The developer of The Outpost, a mixed-use project once touted as a model for the development of a pedestrian-oriented district along Poway Road, insists the project will move forward to a successful completion despite filing for Chapter 11 bankruptcy in September.
Poway Property LP, the owner-developer of the project, filed for Chapter 11 bankruptcy protection on Sept. 13, listing debts of $22.9 million owed to 11 creditors, and liabilities to a 12th creditor undetermined, according to the bankruptcy filing. The largest amount, $21 million, is owed to UC Poway Post Holder, LLC.
The developer listed assets of $50,000 or less, according to the bankruptcy filing.
While the numbers may look daunting, an attorney for the developer, David Speckman of San Diego, said the developer is determined the project will move forward to completion.
“The project is going to be completed. The project is going to be back on track here shortly,” Speckman said Friday.
Currently, all work at the site, a 1.58-acre parcel at Poway Road about a block west of Community Road, has ceased, Speckman said. The developer plans to bring a new general contractor on board once work resumes.
The project is being developed by Poway Property LP and its general partner, Canadian-based Capexco. Trent Claughton, the company’s president and CEO, spoke at an August 2018 ground-breaking ceremony for The Outpost project, calling it a “milestone” that would help establish a walkable downtown district for the city.
To get the project back on track, the developer has proposed significant changes, Speckman said. Most notably, the developer wants to expand the residential portion of the mixed-use project.
The original plan approved by the city calls for 53 residential units, a food hall, a fitness center and two stories of underground parking. Under that plan, Speckman said residential would have accounted for 60 percent of the total 100,000 square feet, and commercial uses would have occupied 40 percent.
While Speckman could not provide a specific number of residential units called for in the new proposed plan, he said residential would now account for 82 percent of the square footage, with commercial making up 18 percent. It was not immediately clear whether the specific commercial uses would be changed or scaled back under the revised project. Total square footage would remain the same.
The developer hopes to bring the revised plan to the Poway City Council in November, Speckman said. “We believe the city would welcome” the new plan, he said.
“The owner-developer is committed to seeing the project completed,” Speckman said. Once the city signs off on the revised plan, he said, “Then it’s anticipated they’ll be able to arrange new financing to complete the project.”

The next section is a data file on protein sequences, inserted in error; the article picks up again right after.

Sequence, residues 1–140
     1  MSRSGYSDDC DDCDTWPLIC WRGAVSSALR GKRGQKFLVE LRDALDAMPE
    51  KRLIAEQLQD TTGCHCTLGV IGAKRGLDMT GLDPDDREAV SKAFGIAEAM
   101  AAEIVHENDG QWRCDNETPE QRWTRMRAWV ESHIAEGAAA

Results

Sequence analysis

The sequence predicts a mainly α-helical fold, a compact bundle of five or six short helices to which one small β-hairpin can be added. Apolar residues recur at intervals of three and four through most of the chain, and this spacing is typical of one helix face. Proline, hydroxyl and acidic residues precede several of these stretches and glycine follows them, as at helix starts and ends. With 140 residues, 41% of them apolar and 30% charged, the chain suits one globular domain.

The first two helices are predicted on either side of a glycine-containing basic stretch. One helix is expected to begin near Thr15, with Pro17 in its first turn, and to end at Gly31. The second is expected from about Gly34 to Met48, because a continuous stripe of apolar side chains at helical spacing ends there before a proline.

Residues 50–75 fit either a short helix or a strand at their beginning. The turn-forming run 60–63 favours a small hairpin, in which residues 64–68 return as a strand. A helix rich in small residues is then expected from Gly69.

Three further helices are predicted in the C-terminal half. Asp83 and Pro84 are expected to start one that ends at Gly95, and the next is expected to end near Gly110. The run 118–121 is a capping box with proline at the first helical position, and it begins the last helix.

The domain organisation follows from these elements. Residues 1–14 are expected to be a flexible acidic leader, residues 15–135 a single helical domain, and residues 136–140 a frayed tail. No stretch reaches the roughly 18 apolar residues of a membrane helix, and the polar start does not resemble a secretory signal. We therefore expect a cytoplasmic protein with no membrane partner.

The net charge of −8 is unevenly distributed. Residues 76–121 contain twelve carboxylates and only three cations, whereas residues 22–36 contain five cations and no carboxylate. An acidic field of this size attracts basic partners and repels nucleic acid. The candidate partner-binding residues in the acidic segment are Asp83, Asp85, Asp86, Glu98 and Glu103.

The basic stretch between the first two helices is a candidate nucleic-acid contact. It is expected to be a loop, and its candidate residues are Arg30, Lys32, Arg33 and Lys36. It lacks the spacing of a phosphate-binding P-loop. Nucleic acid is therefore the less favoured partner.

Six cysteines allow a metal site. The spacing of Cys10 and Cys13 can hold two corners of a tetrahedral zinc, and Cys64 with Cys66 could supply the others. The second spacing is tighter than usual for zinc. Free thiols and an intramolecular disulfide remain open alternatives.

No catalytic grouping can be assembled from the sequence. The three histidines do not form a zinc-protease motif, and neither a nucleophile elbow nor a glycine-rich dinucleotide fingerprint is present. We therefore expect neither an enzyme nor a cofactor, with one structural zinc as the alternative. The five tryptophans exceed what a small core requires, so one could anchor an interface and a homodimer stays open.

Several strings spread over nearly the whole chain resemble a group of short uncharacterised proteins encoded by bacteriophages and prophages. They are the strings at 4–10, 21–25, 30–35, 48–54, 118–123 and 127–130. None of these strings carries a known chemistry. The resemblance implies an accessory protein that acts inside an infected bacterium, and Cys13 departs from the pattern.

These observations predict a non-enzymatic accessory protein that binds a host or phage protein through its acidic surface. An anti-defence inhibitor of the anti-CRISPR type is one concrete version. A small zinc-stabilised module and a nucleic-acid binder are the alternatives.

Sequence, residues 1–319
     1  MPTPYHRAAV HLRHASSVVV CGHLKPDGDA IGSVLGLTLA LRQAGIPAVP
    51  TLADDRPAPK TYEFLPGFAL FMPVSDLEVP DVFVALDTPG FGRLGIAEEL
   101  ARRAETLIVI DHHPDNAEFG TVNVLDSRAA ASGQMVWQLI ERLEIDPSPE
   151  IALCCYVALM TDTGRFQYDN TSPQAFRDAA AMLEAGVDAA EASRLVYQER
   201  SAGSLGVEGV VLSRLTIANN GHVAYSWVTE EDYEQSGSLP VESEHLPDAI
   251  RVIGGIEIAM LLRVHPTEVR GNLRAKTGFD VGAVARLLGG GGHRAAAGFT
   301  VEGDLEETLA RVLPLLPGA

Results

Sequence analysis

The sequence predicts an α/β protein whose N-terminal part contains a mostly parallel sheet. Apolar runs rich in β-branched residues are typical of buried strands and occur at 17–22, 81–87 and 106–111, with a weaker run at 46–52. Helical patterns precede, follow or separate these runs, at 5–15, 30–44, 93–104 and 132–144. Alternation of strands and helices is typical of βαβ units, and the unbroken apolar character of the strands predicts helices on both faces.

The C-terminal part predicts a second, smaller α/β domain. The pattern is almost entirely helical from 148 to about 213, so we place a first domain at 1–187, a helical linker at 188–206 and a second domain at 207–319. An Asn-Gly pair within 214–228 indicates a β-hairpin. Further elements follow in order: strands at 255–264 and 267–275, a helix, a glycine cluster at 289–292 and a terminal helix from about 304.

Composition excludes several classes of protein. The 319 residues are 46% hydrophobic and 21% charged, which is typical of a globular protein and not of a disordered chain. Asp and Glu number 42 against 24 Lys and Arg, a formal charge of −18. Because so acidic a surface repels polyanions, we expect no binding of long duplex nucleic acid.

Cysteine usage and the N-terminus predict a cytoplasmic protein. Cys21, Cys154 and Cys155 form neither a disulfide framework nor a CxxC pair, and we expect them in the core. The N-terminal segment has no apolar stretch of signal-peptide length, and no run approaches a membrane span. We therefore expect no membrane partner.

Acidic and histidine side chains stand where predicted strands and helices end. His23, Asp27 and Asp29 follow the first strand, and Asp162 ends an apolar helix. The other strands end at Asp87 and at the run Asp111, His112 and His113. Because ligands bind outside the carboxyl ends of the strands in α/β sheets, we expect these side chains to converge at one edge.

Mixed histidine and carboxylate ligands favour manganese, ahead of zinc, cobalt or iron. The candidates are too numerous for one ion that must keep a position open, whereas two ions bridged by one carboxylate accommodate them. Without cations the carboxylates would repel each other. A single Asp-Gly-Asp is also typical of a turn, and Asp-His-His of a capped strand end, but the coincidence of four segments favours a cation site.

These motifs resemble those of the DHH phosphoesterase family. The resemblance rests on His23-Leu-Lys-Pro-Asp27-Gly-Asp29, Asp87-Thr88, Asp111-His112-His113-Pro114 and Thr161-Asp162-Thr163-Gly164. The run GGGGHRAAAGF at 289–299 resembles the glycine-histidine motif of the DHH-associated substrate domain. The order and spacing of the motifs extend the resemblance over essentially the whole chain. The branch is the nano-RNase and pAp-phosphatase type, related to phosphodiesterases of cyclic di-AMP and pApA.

Poway Mayor Steve Vaus, who also spoke at the 2018 ground-breaking ceremony, predicting the project will be “remembered for generations to come,” referred a request for comment to Rene Carmichael, a city spokeswoman.
Carmichael said the bankruptcy filing “is a concern,” and that city officials are monitoring the site during the construction hiatus for any potential health and safety issues. However, the city’s ability to intervene is limited because The Outpost is a private development.
Carmichael also said the proposed changes to the project are not far enough along in the city’s review process to be brought forward to the City Council for consideration at a meeting in November.
According to Speckman, the underground parking and foundation of the project are 80 percent completed, while the overall project is about 25 percent completed.
The project, the first of its kind to be approved under an update to the Poway Road Specific Plan, has suffered some setbacks since construction began. In 2019, the developer announced completion would be delayed by one year due to complications in removing a larger-than-anticipated amount of groundwater during excavation.
In July of this year, a sub-contractor on the project, PERI Formwork Systems Inc. filed a lawsuit against Poway Property LP, Capexco and the general contractor on the project, K.D Stahl Construction Group Inc., alleging it had not been paid for concrete formwork and shoring materials it had provided for the project.
Under Chapter 11 bankruptcy, a company can reorganize and restructure its debts while continuing its business operations.
Speckman said such reorganization is sometimes used by a company to “catch its breath,” so it can safeguard its project and pay its creditors in an orderly fashion.
In this case, he said, the developer needed a pause to create a plan to pay its debts, gain city approval of the proposed changes, secure new financing and finish the project.
“We’re making good progress on that goal,” he said.